Situated at the northern and southern extremes of this long, thin country, Vietnam’s two main cities lie more than one thousand kilometres apart.
Southern Ho Chi Minh City (HCMC), formerly Saigon, was the US base during the Vietnam War and since the country’s unification has transformed into a thoroughly modern, thriving metropolis. The somewhat less modern capital, Hanoi, runs at a noisier pace, with its lively Old Quarter full of winding lanes.
Yet both cities can at times seem hyperactive, and you’ll need your wits about you to navigate their astonishingly hectic traffic. Can’t choose which one to visit? Here’s our lowdown on how they differ.
Neither city is short of museums, temples, pagodas and impressive colonial architecture. Both have a cathedral too – relics of the French occupation – and highly entertaining traditional water-puppet shows.
HCMC has several more theme parks than Hanoi, so if rollercoasters are your thing, head south. If you’re more at home in a gallery than doing loop-the-loops, Hanoi will be a better bet, as it pips the post for both fine and contemporary art.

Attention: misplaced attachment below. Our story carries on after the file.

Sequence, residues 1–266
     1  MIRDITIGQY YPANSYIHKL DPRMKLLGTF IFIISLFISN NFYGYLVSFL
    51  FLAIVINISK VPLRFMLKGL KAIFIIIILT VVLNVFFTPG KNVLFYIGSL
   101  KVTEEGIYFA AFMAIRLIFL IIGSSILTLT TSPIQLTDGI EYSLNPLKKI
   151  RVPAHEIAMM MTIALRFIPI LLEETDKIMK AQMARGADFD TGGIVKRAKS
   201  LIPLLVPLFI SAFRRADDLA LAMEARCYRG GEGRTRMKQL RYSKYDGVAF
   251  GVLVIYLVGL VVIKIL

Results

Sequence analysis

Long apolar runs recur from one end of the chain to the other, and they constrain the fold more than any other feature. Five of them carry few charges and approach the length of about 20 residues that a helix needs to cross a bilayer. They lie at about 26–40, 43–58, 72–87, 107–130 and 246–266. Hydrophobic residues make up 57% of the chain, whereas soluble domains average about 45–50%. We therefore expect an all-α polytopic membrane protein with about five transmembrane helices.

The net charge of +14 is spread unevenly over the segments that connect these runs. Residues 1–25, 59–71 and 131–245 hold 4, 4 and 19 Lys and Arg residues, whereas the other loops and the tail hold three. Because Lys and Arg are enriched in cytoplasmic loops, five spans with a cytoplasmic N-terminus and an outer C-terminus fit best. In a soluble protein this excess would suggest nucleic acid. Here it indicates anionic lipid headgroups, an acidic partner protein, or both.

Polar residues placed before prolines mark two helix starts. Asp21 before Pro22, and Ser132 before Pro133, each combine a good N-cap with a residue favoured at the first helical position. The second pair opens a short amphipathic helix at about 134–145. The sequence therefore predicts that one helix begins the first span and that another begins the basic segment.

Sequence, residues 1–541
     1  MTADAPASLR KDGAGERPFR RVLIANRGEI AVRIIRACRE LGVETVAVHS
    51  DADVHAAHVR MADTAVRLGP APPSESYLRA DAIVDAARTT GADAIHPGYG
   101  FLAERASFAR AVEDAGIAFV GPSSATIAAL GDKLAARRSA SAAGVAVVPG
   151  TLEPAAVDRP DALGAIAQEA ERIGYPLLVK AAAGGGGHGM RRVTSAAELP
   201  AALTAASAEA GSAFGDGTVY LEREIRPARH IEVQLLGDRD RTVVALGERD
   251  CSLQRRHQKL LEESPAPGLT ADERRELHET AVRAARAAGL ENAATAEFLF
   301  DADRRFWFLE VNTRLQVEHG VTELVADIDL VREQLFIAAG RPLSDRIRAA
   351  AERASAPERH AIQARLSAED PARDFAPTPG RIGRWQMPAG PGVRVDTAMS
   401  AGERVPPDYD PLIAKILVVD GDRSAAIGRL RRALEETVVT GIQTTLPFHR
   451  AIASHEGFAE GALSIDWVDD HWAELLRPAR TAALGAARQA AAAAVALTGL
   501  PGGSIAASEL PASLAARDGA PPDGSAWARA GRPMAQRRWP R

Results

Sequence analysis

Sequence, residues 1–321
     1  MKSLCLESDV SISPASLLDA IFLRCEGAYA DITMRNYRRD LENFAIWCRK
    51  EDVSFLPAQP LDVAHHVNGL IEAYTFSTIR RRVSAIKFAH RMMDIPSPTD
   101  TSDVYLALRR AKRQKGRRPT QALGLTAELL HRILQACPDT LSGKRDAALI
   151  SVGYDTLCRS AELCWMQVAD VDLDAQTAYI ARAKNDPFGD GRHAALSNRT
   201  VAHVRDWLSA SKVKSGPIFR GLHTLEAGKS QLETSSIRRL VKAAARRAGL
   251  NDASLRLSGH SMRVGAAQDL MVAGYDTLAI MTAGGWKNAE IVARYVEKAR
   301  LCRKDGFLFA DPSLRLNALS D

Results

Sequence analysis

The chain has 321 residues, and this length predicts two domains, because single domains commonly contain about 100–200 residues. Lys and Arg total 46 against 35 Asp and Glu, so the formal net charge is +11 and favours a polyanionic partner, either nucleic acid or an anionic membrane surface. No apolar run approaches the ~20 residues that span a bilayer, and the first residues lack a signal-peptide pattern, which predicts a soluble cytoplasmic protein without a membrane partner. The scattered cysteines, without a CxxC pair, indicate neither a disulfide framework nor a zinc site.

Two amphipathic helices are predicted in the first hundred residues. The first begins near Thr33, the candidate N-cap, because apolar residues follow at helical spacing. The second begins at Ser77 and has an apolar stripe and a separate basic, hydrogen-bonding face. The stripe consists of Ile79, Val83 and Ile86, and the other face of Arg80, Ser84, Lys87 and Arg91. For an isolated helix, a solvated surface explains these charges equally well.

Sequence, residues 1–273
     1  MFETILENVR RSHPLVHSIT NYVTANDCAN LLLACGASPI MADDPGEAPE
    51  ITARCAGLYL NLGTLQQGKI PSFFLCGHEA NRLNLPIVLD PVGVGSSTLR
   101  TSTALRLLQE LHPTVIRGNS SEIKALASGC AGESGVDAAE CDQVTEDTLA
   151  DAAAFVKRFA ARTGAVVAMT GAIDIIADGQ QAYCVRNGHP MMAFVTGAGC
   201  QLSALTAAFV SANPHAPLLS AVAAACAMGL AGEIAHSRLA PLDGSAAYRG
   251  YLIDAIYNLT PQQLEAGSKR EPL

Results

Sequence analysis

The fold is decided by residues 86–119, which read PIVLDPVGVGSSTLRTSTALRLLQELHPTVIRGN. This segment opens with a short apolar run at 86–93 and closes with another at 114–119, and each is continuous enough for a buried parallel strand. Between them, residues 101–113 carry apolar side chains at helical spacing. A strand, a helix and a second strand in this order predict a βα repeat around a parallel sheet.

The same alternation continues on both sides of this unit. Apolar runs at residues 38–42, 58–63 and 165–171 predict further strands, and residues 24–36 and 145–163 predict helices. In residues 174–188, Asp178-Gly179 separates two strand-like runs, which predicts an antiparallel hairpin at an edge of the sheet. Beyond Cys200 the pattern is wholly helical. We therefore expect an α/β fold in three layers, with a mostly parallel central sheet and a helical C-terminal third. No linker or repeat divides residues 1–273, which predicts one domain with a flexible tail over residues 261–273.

People from Hanoi are known for sometimes being more standoffish than their southern counterparts, with more traditional values and formal manners.
HCMC, more influenced by foreign cultures than Hanoi – particularly American and French – has a more spontaneous and open feel to it. Innovation is king and young trendsetters lead the way, alongside thriving tech-minded entrepreneurs and booming businesses.
You won’t struggle to find cheap, local culinary delights in either Hanoi or HCMC – street food is ubiquitous and, on the whole, mouth-watering in both cities. Hanoi is the home of pho (noodle soup), Vietnam’s national dish, which you can get on just about any street corner for as little as a dollar.
The street food in HCMC is just as readily available as up north, but tends to be slightly sweeter. Fantastic smells waft through the side streets of both these foodie-heaven cities, and there’s a lot more to tempt your palate than just banh mi (filled baguettes) and pho.
Café culture, a hangover from the French, permeates both cities too; in HCMC the coffee is sweeter and not quite as punchy as the equivalent brews in Hanoi.